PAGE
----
Bilbo hangs back and realises that when the question is asked, moonlight answers.

Hey presto, the door’s open boys and girls.

Our stealthy thief is charged with retrieving the Arkenstone and in doing so; he’d do well not to disturb the slumber of a certain dragon...

As he stumbles about searching for the glowing jewel, the flying furnace is indeed awoken.


During a lengthy chat, Bilbo notices that the Black Arrow legend is true as an old wound is brought into focus.

Back at Laketown, the Orcs are causing more mischief and Legolas has a fair old scrap with Bolg.

After an even draw, Bolg calmly retreats.

Legolas pursues him on horseback while Azog and the Orc remainder set off for the Mountain.

After a game of cat and mouse, the Dwarves give Smaug a wash and courtesy of a giant statue, drown him in molten gold.

Their attempts prove futile as the beast emerges from his golden hell and roaring ‘revenge’, he takes flight and plots the destination for Laketown.

Proceedings are brought to a close as Bilbo displays a look of horror as the town and its people look certain to be more deep fried than chips.

What a difference a year and/or instalment makes.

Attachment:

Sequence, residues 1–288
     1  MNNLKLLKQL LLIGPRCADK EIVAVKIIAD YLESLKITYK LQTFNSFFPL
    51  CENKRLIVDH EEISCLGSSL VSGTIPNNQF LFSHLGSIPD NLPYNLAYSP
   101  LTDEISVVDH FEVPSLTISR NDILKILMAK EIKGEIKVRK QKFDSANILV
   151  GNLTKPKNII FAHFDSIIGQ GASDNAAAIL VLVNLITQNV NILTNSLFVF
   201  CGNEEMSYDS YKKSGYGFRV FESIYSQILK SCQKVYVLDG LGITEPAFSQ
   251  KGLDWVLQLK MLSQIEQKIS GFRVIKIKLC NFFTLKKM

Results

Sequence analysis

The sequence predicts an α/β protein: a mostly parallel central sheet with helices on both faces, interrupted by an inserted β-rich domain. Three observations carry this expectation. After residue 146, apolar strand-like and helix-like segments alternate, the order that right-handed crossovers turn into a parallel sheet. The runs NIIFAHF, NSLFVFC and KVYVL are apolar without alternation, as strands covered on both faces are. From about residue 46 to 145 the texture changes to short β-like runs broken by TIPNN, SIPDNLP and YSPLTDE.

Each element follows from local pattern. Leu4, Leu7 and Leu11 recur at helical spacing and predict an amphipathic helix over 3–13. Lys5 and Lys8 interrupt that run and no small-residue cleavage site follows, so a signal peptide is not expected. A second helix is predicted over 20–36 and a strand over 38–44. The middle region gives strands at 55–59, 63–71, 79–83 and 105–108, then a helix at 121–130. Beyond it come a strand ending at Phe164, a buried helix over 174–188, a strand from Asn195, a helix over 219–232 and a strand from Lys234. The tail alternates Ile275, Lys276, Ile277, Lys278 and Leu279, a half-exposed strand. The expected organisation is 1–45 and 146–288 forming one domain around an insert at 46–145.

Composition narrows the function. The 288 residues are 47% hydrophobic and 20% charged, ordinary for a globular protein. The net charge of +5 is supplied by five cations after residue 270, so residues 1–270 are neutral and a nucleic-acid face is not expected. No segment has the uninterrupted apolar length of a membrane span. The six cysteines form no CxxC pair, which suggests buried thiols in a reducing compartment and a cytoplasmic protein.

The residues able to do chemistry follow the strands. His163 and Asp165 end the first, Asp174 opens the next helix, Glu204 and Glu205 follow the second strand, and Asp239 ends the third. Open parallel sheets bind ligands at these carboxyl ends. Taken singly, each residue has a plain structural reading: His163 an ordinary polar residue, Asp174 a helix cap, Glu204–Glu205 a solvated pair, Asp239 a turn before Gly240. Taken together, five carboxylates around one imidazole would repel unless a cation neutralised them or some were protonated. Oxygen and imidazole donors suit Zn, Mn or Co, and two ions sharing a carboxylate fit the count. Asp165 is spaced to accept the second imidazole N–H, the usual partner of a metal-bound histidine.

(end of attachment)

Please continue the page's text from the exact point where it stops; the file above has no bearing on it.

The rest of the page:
It’s another protracted affair but bores far less than its predecessor.

Action pie serves proficient but hardly thrilling entertainment including Orc overkill, spiders, rapids and of course Smaug, 

Smaug is a digital delight and along with performance capture, Cumberbatch impressively provides the yap.

His treasure hoard and chamber can now be appreciated on a far grander scale.

Despite such a rich appearance, are we to believe that he'd be tricked so easily?

No.  It just takes the piss out of such a formidable foe.

This CGI spectacle is quite a change from the 1977 cartoon as ‘Cat’ Dragon had eyes acting as torches.

While dialogue is an improvement, using subtitles and switching to English in the same scene is inconsistent and doesn't make sense.

As we’re talking dragons, the immortal voice of Sean Connery leaving the lips of Draco makes 1996 fantasy Dragonheart likable.

Stuff CGI, the flying nasty Vermithrax from Dragonslayer is unquestionably the cream of the crop so if you haven’t already had the pleasure; I’d recommend taking the time with some enthusiasm.

Even now, you cannot help but marvel at the special effects from 1981.

The decision of soaking Smaug with hot sauce is laughably Alien 3.

Do you know what’s really weird?

Prisoner Golic refers to the alien as a ‘dragon’ which I'm sure qualifies as an awesome coincidence.

In the violent action anime Ninja Scroll (not to be confused with the television series), molten gold proves to be downfall for the seemingly indestructible Gemma.

There is no knowledge that isn't power.

Just to annoy me, There and Back Again has been pushed back until Christmas time as it was originally set to hit the UK in July.

I guess they thought a summer blockbuster wouldn't make as much money...

Unless the running time is cut unexpectedly short, we’re a numb bum away from wrapping this epic present up and without putting the hex on matters; I await the conclusion with bated breath.